Where do you even start with this one? Adam Kennedy – Adam Kennedy! – had a four-hit night. James Loney had three. Of the 16 times the starting lineup made it on base tonight, a full 13 came from the 5-8 group of Kennedy, Loney, A.J. Ellis, & Tony Gwynn. On the mound, Ted Lilly isn’t charged with a single earned run despite allowing a mammoth Matt Holliday blast which still probably hasn’t landed. (That’s a story unto itself, but suffice to say, remember this, fans of ERA).
Oh, but there’s more. Josh Lindblom & Kenley Jansen combined to get the final six outs via strikeout – with Lindblom especially impressing by striking out Rafael Furcal, Holliday, and David Freese around a single and a walk – except that in the process, Jansen allowed pinch-hitter Lance Berkman to tie the game with a solo home run, which is almost certainly going to re-ignite the closer argument none of us want to have. (Jansen got the win though. Wins are great.)
And then there’s A.J. Ellis. Good lord, there’s always A.J Ellis. In the ninth against Fernando Salas, the Dodgers put men on the corners after an Elian Herrera walk and Kennedy’s fourth (!) hit of the night. Andre Ethier struck out, and the Cardinals chose to put Loney on intentionally to face Ellis, who had already driven in Loney with a single earlier in the game. They chose… let’s say, poorly. Not against Ellis, not this year, not when he’s on his way to Kansas City. Ellis watched ball four go by, and the Dodgers, improbably, incredibly, unbelievably, take the first game of a big series against St. Louis.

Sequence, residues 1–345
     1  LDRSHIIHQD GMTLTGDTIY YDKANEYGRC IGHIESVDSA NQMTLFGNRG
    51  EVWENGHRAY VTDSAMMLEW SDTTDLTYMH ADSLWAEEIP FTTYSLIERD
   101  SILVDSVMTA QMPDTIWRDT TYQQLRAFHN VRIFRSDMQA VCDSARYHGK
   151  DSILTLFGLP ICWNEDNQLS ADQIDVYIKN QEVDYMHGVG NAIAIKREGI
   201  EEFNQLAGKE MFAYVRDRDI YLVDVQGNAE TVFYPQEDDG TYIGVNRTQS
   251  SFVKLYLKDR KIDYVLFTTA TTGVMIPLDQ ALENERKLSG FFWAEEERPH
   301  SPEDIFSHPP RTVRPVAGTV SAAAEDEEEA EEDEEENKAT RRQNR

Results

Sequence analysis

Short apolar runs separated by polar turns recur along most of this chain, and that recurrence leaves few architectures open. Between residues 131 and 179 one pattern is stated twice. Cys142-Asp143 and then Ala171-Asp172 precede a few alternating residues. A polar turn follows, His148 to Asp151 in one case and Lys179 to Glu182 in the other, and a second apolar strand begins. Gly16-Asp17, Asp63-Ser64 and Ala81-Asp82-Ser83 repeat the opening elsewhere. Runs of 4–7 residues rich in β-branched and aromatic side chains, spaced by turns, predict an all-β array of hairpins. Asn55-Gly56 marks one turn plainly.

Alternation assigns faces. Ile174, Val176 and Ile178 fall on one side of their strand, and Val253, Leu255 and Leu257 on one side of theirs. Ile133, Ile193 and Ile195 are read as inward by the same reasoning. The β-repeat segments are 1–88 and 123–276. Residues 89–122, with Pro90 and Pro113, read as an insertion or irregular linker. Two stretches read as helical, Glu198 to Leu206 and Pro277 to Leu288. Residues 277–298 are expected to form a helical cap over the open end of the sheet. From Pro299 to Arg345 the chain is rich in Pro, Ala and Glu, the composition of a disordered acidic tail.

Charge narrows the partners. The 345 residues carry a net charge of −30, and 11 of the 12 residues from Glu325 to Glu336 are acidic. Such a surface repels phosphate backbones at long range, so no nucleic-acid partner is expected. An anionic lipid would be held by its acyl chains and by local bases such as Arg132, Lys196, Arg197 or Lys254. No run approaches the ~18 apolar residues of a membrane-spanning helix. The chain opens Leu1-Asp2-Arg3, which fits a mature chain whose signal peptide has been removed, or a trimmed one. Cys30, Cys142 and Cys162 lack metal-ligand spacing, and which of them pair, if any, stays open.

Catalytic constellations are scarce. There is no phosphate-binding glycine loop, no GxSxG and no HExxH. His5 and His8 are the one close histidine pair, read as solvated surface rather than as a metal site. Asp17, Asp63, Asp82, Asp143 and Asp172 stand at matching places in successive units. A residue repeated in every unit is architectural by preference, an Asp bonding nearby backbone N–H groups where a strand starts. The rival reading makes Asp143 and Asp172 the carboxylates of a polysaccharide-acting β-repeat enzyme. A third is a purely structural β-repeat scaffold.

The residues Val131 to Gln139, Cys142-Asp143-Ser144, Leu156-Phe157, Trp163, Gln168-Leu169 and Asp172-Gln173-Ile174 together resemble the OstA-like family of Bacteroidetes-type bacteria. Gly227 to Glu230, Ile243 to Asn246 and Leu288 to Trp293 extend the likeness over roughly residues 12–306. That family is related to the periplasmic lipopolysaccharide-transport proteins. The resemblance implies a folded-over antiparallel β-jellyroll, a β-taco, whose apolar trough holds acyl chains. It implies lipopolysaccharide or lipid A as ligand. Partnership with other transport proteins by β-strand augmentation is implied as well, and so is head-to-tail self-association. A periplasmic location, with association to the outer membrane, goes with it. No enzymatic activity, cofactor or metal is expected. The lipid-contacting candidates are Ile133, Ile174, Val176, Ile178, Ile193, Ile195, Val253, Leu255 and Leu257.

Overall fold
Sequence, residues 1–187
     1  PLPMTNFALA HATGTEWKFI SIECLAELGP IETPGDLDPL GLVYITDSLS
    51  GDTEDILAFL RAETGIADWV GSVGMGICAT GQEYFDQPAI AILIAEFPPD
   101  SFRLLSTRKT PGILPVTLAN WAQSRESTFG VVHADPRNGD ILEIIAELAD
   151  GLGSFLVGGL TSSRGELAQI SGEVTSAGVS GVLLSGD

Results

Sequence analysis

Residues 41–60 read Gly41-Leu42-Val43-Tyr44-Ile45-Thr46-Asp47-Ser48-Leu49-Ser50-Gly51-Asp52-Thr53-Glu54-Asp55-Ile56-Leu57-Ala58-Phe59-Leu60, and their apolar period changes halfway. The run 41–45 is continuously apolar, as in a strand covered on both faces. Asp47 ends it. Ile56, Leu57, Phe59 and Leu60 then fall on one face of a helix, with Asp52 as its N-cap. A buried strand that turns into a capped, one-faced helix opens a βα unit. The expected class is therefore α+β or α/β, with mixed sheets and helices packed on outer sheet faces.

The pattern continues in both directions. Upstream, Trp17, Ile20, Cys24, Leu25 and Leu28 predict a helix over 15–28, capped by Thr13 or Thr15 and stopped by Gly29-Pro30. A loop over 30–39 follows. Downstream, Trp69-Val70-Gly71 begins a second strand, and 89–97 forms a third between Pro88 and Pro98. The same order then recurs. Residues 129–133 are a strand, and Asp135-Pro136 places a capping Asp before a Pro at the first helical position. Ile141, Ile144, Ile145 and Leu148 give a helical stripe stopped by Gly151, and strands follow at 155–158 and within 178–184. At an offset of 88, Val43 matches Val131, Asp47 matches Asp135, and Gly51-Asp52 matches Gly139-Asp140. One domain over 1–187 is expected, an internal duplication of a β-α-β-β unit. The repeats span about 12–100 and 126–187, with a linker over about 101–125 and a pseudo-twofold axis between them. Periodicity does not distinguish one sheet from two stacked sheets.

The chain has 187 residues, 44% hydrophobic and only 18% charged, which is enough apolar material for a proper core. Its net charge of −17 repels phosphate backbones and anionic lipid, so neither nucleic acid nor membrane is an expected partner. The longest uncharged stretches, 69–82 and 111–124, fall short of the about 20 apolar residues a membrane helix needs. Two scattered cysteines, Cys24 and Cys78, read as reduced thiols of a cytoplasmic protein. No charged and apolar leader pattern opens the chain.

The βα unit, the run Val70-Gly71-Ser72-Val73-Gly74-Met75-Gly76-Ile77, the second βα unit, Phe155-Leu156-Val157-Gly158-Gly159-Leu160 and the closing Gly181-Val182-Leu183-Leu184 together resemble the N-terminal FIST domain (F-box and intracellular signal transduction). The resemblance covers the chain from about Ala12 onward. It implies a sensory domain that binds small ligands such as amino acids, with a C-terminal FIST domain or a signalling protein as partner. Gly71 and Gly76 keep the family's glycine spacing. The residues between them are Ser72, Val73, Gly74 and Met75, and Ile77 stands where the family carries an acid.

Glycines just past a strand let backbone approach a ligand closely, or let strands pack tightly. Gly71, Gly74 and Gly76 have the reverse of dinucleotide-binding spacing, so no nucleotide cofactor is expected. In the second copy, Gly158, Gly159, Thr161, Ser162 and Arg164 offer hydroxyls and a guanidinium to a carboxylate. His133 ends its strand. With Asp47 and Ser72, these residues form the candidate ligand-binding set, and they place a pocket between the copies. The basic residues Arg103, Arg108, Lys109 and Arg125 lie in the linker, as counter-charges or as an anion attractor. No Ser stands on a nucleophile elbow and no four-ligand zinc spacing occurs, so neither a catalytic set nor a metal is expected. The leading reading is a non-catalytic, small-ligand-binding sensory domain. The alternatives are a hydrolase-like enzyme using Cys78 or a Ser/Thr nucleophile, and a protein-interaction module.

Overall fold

The Dodgers may not have escaped with merely a victory, however. In the top of the seventh, Shane Robinson bounced into a fielder’s choice at short, which Dee Gordon flipped to Mark Ellis in hopes of turning a double play. Tyler Greene, running from first, took out Ellis with a hard (but clean) slide, flipping Ellis and looking for all the world like his left knee had buckled. Ellis shook it off and stayed in to finish the inning and line to first in the bottom of the frame, but was replaced by Justin Sellers in the field for the eighth. Any speculation on Ellis’ status is premature, but it should be noted that with all of the other injuries, the only healthy infielder on the 40-man roster is Ivan De Jesus, who the club seems determined not to play.
Clayton Kershaw takes the hill tomorrow against Jake Westbrook, and at this point absolutely nothing would surprise me. Well, other than Gordon showing signs of life, that is, now that his 0-5 put him down exactly to the Mendoza line. A conversation for another time, though, because tonight belongs to Adam Kennedy and A.J. Ellis. I’ll take “things I never, ever, ever expected to write ever” for $600, Alex.